On the second to last day of the session, the senate once again failed to vote on a tax refund measure. Jack Dolan has the story from Jefferson City.
According to the Hancock Amendment, Missouri has about one hundred and fifty million dollars in unconstitutional revenue. Unless the senate approves an alternative on Friday, the money will be refunded to income tax payers on a pro rata basis. But that's not the only way of returning the money under consideration. Other suggestions include reducing the sales tax on groceries, giving a tax break to retired people living on private pensions, and raising the dependent deduction for families with children. Sedalia's democratic senator Jim Mathewson says the last time Missouri refunded taxes with a growing economy, the move came back to haunt the state.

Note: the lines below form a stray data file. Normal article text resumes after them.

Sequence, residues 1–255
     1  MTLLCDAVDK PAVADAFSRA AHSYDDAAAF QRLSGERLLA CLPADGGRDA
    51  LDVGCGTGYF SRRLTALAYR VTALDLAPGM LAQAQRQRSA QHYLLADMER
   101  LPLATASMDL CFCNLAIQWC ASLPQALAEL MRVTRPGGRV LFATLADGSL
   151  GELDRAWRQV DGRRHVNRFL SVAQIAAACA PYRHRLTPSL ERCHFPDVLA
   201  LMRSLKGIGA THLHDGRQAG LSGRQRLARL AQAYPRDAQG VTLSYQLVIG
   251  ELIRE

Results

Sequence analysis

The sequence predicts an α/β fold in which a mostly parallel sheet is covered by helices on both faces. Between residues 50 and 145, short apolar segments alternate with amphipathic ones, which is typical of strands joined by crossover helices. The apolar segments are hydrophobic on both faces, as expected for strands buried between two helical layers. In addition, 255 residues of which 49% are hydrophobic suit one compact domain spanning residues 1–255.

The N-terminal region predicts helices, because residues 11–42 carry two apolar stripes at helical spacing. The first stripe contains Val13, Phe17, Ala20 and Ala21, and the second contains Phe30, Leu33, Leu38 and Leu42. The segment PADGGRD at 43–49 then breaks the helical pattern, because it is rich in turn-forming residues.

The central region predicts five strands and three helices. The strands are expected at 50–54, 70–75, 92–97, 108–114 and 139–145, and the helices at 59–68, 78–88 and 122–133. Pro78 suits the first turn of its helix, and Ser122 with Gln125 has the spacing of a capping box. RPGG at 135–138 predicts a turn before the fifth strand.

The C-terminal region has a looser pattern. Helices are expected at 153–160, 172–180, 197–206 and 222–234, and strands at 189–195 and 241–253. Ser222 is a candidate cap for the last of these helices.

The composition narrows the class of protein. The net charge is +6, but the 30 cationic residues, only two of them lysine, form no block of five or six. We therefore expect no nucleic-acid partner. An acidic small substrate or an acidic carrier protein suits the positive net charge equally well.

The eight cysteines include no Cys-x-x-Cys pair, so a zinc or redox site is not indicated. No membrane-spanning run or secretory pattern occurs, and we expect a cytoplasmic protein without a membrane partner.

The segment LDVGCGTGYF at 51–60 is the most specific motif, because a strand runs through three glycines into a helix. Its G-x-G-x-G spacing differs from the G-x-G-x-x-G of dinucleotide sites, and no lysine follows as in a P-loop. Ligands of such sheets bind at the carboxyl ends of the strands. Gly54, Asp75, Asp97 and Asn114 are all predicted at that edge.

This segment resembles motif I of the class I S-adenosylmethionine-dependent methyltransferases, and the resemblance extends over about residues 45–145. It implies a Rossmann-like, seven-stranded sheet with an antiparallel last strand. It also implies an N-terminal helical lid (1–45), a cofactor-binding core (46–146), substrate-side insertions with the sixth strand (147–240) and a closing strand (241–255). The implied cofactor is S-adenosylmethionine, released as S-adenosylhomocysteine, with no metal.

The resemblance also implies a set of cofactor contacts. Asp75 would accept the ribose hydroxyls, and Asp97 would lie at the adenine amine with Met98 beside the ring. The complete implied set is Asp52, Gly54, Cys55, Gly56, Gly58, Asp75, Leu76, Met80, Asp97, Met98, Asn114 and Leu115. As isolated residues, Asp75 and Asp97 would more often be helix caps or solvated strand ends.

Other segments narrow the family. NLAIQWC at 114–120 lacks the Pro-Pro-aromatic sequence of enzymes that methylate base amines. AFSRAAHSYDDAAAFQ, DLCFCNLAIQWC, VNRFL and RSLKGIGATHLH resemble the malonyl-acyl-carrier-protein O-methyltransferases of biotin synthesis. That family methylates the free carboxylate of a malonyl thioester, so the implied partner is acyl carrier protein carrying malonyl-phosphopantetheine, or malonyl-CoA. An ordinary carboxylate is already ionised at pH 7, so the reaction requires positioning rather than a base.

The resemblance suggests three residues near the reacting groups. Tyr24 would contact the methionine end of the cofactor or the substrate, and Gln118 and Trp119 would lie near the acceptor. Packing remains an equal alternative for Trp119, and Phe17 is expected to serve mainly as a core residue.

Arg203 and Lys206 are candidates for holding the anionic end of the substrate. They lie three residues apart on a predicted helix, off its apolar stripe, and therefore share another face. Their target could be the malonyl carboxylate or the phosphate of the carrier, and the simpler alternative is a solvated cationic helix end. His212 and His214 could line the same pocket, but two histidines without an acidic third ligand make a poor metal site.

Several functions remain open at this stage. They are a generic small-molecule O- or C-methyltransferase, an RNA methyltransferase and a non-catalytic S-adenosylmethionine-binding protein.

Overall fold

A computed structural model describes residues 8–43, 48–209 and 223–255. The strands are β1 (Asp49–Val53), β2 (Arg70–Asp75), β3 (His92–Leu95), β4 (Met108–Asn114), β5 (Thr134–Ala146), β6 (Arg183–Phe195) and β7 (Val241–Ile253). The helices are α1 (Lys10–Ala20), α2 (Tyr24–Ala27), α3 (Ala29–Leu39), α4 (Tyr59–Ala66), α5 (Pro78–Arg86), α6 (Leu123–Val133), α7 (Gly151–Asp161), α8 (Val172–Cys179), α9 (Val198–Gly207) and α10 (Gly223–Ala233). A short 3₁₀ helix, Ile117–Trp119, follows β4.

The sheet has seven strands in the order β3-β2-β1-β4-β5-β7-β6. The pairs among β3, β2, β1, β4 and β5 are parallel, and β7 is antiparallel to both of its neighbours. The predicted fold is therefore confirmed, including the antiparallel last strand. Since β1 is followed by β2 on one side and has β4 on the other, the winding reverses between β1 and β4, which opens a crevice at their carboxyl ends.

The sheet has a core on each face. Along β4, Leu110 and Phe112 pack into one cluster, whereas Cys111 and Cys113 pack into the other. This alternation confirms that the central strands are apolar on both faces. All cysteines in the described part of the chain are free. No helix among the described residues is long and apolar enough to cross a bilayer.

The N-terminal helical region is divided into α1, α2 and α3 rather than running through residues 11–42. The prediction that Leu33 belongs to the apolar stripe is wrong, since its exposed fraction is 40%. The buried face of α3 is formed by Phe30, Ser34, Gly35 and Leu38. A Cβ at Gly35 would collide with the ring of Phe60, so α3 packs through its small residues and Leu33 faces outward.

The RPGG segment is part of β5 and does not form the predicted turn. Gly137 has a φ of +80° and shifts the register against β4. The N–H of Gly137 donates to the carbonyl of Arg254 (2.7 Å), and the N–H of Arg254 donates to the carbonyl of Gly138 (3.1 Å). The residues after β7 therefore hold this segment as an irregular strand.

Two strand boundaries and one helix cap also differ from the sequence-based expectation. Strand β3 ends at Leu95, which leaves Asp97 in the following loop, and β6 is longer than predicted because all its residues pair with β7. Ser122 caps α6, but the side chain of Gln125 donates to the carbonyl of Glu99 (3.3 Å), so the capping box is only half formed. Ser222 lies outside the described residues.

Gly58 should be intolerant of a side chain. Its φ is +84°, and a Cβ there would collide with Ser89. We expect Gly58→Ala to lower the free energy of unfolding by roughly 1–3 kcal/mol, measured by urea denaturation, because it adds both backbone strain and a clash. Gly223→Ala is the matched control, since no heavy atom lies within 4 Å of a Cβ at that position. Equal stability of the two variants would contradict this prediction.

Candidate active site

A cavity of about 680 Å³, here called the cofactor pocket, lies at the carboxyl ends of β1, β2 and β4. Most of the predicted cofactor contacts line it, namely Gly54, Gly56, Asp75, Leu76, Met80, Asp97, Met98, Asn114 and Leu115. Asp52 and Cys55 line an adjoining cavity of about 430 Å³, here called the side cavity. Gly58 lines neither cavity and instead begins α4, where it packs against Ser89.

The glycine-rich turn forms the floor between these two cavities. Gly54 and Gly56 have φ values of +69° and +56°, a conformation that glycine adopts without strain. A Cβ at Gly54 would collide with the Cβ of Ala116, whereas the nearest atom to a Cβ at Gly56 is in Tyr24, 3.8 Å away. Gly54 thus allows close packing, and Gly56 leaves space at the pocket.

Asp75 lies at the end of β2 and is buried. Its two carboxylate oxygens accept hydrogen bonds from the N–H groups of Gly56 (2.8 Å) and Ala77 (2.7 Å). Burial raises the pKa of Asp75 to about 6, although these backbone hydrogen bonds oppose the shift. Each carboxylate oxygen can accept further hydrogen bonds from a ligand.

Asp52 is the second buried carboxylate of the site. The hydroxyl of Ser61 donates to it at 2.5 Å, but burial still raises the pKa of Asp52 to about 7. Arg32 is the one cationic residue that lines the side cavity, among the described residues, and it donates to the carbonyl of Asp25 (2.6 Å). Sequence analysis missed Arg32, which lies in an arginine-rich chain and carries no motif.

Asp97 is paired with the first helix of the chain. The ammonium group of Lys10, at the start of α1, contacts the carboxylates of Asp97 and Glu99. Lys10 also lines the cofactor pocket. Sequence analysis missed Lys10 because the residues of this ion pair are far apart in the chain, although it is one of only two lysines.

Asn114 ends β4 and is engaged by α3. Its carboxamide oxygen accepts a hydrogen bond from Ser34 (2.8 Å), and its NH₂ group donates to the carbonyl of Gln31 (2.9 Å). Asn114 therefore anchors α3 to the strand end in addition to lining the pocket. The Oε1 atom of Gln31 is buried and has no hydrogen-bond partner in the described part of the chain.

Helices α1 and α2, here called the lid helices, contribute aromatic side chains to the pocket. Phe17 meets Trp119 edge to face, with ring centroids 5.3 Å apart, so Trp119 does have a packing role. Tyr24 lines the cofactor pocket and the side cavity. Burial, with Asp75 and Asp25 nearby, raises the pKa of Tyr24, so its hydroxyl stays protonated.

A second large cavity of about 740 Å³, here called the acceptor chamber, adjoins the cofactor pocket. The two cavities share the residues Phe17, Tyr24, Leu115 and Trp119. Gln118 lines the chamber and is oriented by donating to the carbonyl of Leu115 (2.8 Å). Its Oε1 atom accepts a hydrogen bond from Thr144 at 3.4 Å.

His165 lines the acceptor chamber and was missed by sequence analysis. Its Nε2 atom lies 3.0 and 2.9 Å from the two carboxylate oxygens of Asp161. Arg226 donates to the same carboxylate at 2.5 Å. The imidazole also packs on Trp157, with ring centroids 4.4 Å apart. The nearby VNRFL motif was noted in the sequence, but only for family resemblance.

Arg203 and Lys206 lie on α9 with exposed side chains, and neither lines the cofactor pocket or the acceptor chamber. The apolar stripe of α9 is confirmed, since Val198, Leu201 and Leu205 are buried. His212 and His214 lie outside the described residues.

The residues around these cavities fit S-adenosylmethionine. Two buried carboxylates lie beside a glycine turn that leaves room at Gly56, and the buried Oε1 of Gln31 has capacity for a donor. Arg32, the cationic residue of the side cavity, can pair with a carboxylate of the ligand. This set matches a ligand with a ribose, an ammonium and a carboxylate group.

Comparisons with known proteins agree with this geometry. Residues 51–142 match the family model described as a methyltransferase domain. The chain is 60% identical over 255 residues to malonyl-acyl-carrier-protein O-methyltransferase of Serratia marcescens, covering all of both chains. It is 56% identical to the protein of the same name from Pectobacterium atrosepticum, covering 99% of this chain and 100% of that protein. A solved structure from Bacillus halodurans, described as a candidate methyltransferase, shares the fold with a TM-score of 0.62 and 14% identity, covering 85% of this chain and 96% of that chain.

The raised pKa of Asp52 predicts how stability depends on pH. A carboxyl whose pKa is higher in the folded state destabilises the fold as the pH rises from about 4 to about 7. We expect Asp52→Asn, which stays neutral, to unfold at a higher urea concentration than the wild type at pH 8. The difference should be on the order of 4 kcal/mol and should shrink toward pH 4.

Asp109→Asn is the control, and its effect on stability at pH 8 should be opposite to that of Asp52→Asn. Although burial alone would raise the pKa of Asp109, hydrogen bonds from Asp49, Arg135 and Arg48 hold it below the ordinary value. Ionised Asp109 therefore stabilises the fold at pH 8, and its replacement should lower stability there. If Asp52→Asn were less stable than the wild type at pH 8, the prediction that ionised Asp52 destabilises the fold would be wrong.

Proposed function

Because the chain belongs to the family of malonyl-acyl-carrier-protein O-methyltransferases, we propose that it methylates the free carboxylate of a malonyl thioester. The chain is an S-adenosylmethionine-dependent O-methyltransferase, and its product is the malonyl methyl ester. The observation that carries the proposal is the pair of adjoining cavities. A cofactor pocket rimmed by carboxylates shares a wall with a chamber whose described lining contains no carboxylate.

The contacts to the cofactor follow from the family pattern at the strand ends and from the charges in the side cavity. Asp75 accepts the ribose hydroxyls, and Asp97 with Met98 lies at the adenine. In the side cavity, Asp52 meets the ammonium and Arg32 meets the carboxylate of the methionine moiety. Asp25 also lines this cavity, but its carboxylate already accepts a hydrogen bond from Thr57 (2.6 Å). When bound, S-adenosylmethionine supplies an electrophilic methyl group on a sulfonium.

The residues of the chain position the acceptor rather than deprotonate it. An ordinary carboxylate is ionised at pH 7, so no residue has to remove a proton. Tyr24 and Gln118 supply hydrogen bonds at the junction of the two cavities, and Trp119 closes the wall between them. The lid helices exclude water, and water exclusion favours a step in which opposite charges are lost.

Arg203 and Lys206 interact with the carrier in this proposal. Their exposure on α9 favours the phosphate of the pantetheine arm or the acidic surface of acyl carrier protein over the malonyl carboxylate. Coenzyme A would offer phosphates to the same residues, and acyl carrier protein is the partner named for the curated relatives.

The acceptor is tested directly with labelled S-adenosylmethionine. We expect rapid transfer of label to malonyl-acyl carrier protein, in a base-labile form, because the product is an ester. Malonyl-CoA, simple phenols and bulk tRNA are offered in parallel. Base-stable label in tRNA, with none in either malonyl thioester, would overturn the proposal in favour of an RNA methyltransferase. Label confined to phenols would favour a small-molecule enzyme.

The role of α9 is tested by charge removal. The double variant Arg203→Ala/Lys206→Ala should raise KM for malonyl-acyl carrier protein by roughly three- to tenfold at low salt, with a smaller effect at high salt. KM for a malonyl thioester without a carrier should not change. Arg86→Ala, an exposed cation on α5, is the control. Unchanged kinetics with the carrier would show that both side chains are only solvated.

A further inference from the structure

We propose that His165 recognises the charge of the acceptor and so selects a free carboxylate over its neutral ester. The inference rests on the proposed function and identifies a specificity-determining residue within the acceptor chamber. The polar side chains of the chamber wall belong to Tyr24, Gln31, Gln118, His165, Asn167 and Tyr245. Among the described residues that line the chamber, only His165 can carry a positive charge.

Late last night the governor, who was huddling with senators trying to work out a compromise, said he was more confident that an alternative was possible than he has been in a long time. But with only one day left in the legislative session, and such an enormous amount of compromise left to be made, it would take a legislative miracle for any of the alternatives to the income tax refund to make it to the governor's desk. The house sponsor of the grocery tax cut, Columbia's Ken Jacob, says "expect a miracle". From Jefferson City, I'm Jack Dolan.